Aleksandr Podrabinek: Will there be war?

21 February 2022

by Aleksandr Podrabinek

Source: Vot-Tak.TV

The question most frequently asked these days when meeting or talking on the phone with friends or acquaintances is: “Do you think there will be a war?” We are indeed a few steps away from war with Ukraine, so this is not an idle question. The answers people give usually depend on mood or temperament. Many pass off their hopes and wishes as predictions: ‘No, there will be no war, no one needs it, it will only cause problems and Putin is not such a fool as to fall foul of serious international sanctions.

Others, with the confidence of conspirators, try to convince everyone the current deterioration in the international situation is just a game in which leading Western politicians are involved as much as Putin.

There is no reliable data for Russia, but judging by the public mood, few people want war. The idea of a military invasion of Ukraine is not popular in Russia. There is no patriotic excitement and there is no willingness to give their lives for the triumph of the ‘Russian World’ abroad either.

The war, at least in its initial stage, will be sustained by the resources available to it: the regular army and volunteer mercenaries. But it’s the first step that counts. Once war starts, it will soon be time for those in the reserves to be called up and then for a general mobilisation. The grand nature of the national disaster in the name of this false idea of the supposed greatness of Russia is intended to hide the pettiness and vindictiveness of the Kremlin. Not for the first time will our country pay for the insane fantasies and vested interests of a bunch of scoundrels with millions of victims.


At least this is what intelligence reports say. This is a consequence of the obvious bargaining for the sake of which this military confrontation has been created: Putin is selling peace with Ukraine in exchange for NATO’s refusal to allow former Soviet republics to join.

Don’t ask why Putin needs this and why NATO is being labelled an enemy of Russia. There is nothing rational or politically justifiable about this. The Kremlin simply needs an enemy to maintain its power in the country and to assert itself in the world – preferably a long-term enemy that is peace-loving at the same time. So that there is no real military threat to Russia, but at the same time the Kremlin will appear a worthy contender on the world stage and a protector of national interests. This is a primitive schema developed back in Soviet times.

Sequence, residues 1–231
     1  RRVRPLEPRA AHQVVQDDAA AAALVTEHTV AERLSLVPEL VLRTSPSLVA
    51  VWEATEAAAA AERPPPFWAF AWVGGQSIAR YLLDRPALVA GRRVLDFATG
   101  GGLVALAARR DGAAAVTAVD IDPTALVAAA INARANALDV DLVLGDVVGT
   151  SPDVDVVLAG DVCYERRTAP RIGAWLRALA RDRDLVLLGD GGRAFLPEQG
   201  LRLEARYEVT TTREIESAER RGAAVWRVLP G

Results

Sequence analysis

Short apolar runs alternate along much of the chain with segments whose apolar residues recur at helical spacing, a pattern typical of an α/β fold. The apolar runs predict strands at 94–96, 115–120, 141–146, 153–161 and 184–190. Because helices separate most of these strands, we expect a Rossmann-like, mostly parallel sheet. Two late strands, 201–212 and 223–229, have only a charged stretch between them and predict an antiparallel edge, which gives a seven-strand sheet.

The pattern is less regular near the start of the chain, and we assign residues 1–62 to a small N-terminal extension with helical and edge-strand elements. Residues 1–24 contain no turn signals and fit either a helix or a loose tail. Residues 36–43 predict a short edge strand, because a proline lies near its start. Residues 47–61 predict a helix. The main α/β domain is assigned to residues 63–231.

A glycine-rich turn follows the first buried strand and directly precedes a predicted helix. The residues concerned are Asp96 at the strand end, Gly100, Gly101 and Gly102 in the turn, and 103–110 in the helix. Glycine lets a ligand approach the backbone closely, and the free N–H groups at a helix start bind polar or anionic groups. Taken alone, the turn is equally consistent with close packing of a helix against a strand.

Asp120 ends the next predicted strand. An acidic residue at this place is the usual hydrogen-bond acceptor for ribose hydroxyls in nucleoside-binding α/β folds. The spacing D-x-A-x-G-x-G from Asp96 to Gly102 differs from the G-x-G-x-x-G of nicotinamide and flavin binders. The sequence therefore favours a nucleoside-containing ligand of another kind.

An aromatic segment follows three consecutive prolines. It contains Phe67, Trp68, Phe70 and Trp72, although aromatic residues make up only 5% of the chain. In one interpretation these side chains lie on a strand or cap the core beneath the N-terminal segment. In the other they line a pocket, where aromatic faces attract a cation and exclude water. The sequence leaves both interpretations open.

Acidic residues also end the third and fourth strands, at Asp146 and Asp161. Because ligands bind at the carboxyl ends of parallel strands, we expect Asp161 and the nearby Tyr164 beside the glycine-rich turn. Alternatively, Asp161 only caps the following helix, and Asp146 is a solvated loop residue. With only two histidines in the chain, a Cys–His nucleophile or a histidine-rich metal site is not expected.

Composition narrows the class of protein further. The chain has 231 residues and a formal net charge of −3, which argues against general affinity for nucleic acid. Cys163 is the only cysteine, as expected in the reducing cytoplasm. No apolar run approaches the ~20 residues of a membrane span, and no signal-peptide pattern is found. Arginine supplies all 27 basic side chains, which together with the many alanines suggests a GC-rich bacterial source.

Understanding this schema provides a clear answer to the question of whether there will be war, and if so, when. War against a weak and unthreatening opponent has been planned for a long time, and not just once. It is the eternal trump card in the Kremlin’s deck, played whenever the Kremlin needs to get something from the West or strengthen its own domestic situation. This was the case in Georgia in 2008, when that country had to be ‘punished’ for escaping from Russian influence. So it was in 2015 in Syria, when the threat of a democratic transition loomed over a friendly dictatorship. It is now happening little by little in Africa, where Russian soldiers disguised as mercenaries are consolidating their positions in case a small risk-free war becomes necessary.


For a despotism, war is not an exceptional event, it is not a disaster. It is a way of life for an authoritarian regime, one of its means of existence. You should not expect a predator to behave like a vegetarian. So the question ‘Will there be war?’ makes no sense. If we are talking about an authoritarian system, war is inevitable. We can only guess as to where and when the next war will start. Right now it’s Ukraine’s turn, but if that country is lucky enough to beat off the attack, a new target will soon emerge.

Military confrontation is the last frontier of resistance against a despotic regime. If Western politicians were really smart, shrewd, committed to peace and at the same time acted responsibly with regard to the future, they would adopt emergency measures against despotisms not at the last moment before a military invasion, but when the authoritarian regime was still in the process of emerging – when violence was spreading through the country , destroying civil society and opening the way to aggressive militarism. But instead they buy Russian gas and Iranian oil and invest billions in the Chinese economy. They heedlessly breed a predator from whose actions a great many will suffer later. And possibly they themselves.

Translated by Simon Cosgrove

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